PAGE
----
On Friday, our old friends in the Conservative Government introduced Bill C-56 in the House of Commons. People are writing that the Bill will introduce the dreaded ACTA, the Anti-Counterfeit Trade Agreement, to Canada. It will not, at least in the most important way for us internet law folks. Lemme explain.
If you have been without an internet connection for the last couple of years you may not have heard of ACTA, and the resultant protests in 200 European cities in February last year, as seen in the pic at the top of this post. So for a quick backgrounder, go read Wikipedia. Holy shit that’s a long article. That tells you how important it is! In brief, ACTA is a multinational treaty, designed to standardize intellectual property laws around the world. Good fucking luck with that. Canada signed ACTA but has not ratified it, and ACTA is not even in force, meaning it is not the law of the land.
So what really got Europe’s panties in a bunch (the Euro Parliament rejected ACTA in July last year) for the most part was the fact that ACTA has all sorts of powers with respect to enforcing copyright on the internet. Those powers could have had all sorts of consequences on freedom of expression and privacy and all that good stuff we love on the interwebz. Here, from the BBC report on the protests linked above:
“It’s lacked scrutiny, it’s setting up dangerous new pressures to censor the internet to remove users and put pressure on [Internet Service Providers] to start policing for copyright.”
Well that totally blows. Had I seen that I would have been out protesting too, and even sort of supported those crazy Anonymous actions (not that I support anything illegal mind you, [cough]). In fact, ACTA contains an entire section, Section 5, entitled Enforcement of Intellectual Property Rights in the Digital Environment. I have bolded it and italicized it to tell you how important that was. Let’s take a look at some of the provisions of Section 5:
1. Each Party shall ensure that enforcement procedures, to the extent set forth in Sections 2 (Civil Enforcement) and 4 (Criminal Enforcement), are available under its law so as to permit effective action against an act of infringement of intellectual property rights which takes place in the digital environment
So basically making internet piracy an actual crime. Got it. That’s bad. Next:
4. A Party may provide, in accordance with its laws and regulations, its competent authorities with the authority to order an online service provider to disclose expeditiously to a right holder information sufficient to identify a subscriber whose account was allegedly used for infringement
Ahhhh, ISPs turning over subscriber info without any sort of legal procedure. We know how well that goes over around here. Anyway, you can go read all of Section 5, it is unpleasant. If it was introduced in Canada, no doubt I would surely write a strongly worded Tweet against it. I might even write a blog post, if I wasn’t otherwise occupied getting drunk with other lawyers.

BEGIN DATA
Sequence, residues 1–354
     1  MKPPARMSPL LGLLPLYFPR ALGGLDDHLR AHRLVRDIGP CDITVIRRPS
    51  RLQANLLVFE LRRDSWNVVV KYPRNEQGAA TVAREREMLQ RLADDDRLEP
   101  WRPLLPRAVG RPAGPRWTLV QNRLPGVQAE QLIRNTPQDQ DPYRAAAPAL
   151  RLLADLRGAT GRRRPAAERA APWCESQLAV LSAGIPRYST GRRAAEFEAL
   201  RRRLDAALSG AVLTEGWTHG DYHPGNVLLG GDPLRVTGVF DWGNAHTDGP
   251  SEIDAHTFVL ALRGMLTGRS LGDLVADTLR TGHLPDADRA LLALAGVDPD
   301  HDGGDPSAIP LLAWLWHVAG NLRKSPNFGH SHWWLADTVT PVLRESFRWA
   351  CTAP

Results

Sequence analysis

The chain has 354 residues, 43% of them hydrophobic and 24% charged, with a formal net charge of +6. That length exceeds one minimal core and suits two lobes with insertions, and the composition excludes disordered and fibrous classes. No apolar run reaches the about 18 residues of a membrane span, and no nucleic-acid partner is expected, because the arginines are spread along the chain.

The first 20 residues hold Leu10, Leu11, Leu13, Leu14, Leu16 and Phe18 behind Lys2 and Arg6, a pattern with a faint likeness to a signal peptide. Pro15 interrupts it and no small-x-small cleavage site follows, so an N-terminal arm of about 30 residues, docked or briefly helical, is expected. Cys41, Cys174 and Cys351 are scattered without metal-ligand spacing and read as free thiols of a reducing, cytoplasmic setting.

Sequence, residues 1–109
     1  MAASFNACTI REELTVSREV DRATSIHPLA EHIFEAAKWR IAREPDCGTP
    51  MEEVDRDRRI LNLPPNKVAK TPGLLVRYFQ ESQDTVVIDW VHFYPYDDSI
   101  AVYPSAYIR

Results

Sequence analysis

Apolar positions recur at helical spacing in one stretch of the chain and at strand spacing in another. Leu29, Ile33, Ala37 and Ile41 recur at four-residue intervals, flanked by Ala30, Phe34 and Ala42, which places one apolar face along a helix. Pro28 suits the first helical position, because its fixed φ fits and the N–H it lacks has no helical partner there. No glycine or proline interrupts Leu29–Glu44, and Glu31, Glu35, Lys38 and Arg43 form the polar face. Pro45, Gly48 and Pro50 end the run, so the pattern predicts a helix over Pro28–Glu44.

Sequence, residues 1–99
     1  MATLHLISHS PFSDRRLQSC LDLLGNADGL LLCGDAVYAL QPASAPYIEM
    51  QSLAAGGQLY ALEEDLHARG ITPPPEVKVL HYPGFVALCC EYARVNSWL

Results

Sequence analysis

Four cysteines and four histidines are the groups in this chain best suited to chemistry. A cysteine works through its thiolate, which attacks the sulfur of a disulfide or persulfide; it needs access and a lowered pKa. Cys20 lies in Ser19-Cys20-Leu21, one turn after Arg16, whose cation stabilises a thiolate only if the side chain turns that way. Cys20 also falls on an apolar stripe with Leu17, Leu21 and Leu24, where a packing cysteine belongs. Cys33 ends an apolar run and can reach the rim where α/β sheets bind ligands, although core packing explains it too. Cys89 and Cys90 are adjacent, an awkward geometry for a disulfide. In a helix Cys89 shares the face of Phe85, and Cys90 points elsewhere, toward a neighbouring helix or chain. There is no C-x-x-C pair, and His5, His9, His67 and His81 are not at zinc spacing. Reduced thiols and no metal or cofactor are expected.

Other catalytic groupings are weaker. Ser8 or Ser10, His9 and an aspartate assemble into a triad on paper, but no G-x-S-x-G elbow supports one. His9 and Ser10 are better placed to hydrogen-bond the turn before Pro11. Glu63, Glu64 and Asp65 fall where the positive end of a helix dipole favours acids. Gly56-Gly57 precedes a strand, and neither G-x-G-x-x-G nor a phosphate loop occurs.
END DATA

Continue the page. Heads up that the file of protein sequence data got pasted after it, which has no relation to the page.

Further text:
Which brings us back to Bill C-56, the Combating Counterfeit Products Act. If it included clauses about enforcing IP on the internet, I would be freaking out. But here’s the thing – it doesn’t. You hear me? There is nothing in C-56 about the internet. NOTHING.
I spent yesterday afternoon reading the bill. OK, maybe not “reading” given it is really fucking long, but skimming it, and reading the headers. I have also diligently been CTRL-F’ing for words like “internet”, “digital”, “network”, “computer” and the like. Zero. Zip. Nada. As noted copyrighted attorney Howard Knopf mentions, there is one occurrence of the word “communication signal”, but by my reading it really has nothing to do with ACTA’s section 5. There is one bit about “exhibition in public” that may apply to the internet, but again, that has nothing to do with ACTA’s Section 5.
Don’t get me wrong – there is a lot that is really wrong about C-56. Criminalizing intellectual property law (up to five years in prison!) is fucking stupid, and the bill gives uneducated (in the IP sense) border guards all sorts of seizure powers they should not have, without any sort of judicial oversight. Plenty of things in the bill are pretty harsh. It also expands our own Canadian definition of trademarks, and provides no methods for people who have had their goods seized without reason to get their stuff back.
You can complain about that, and more, all you like. But the hysteria that ACTA is coming to Canada to take away online rights is just not warranted (yet). Look at the headline from the National Post that I linked to above and am linking to again so you don’t miss it:
Is the ACTA Internet piracy treaty, which inspired street protests in Europe, going to get quietly passed in Canada?
The article suggests the answer is yes. I’m calling BS on the National Post. Bill C-56 has nothing to do with internet piracy. Did anyone at the National Post even fucking read it? Don’t get me wrong. I have every faith that this government would try to get the ACTA Section 5 provisions into Canadian law as soon as they could. Further, do I think that the U.S. is pressuring Canada to move towards ACTA like Geist says? Damn right. Between the new Copyright law and this bill, there are plenty of ACTA-like provisions making it into Canadian law.
But this bill is not about the internet, which is the reason people went apeshit over ACTA, and called it worse than SOPA and PIPA. Read the bill, and chill. For now.